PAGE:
Thursday, June 28, 2012


The message above is one that I've been hearing a lot lately. I guess I started paying attention to being the hero of my story when I read Donald Miller's A Million Miles in a Thousand Years. In the book, he wrote about the fact that no one in their right mind wants to read about a guy who works all the time to buy a car, and then gets it and starts working to get something else. People read books and watch movies to hear about a tale of struggle and victory, either physically or emotionally, or usually both. Miller encourages his readers to be the heroes of their stories by getting out there and doing something that is worth writing a book about.

I agree that people need to get out there and do things with their lives that are bigger than themselves. That's why I like to travel. Being in unfamiliar places makes me feel like I'm living the kind of adventure that I want to read about.

But what I've been realizing more and more lately is that I'm not the hero of my own life's story. I'm just not capable of filling that role. And I'm okay with that because I've got a God who constantly whispers in my ear, "Let me be the hero of your story." In my own power, I can't change even one person in New Orleans or Seattle. Heck, I can't even change myself (believe me I've tried), but thankfully God has been doing that for me since I invited him to one Sunday night in 1999.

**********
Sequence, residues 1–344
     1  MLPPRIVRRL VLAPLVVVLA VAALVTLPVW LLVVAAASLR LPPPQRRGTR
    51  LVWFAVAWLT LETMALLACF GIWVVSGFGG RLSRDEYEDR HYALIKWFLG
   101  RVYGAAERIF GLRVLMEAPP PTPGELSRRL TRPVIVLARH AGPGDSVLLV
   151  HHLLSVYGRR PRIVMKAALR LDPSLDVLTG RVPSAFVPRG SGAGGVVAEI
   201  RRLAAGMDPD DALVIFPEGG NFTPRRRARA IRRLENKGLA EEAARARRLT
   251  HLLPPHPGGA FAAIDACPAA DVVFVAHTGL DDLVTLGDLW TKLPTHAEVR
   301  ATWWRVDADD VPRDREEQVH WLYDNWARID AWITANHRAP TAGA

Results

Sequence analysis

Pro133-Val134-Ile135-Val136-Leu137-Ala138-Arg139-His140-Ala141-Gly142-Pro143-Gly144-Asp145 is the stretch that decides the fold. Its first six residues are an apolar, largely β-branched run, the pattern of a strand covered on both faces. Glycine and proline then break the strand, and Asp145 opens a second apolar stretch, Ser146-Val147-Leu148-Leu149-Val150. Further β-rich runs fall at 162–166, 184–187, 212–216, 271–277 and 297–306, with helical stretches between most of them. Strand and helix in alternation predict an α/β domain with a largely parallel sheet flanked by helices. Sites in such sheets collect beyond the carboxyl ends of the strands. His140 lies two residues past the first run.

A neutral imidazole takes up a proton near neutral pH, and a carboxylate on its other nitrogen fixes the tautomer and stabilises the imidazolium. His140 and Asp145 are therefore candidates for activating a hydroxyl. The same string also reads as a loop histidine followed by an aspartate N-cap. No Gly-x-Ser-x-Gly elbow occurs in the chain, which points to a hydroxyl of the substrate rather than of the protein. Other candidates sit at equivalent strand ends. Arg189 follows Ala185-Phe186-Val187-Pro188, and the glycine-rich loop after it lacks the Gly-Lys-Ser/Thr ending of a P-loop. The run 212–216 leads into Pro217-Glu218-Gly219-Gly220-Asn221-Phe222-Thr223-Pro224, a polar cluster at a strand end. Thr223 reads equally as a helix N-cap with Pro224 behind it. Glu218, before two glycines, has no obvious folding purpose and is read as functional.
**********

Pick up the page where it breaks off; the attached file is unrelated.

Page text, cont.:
Last Fall, I had to preach a sermon for a class on Joshua 5:13-15. The main conclusion that I came to is that you have to let God be the hero of your story. Joshua and the Israelites couldn't have knocked down the walls of Jericho on their own. They had God's army with them doing the real fighting. Samson, pre- or post-haircut, couldn't have brought down the house without God giving him the strength. David couldn't have been undefeated in battle. Solomon wouldn't have had his wisdom and riches. Jeremiah wouldn't have known that people were threatening to take his life. Not to mention New Testament examples like Peter, Paul and Silas, and John. The whole Bible is one big example of people who (usually) got out of their own way and let God be the hero of their story. (Try reading that Bible with that in mind. It'll give you a whole new perspective on those stories about mighty men and women doing mighty things.)

So, when I have doubts about my abilities to do something, especially in relation to church planting, I try to remember that it's not my talents or strengths that are going to win the day or change lives. I simply can't fill the role of hero, and quite frankly, that's a huge relief.

"I am the vine, you are the branches; he who abides in Me and I in him, he bears much fruit, for apart from Me you can do nothing" (John 15:5). 

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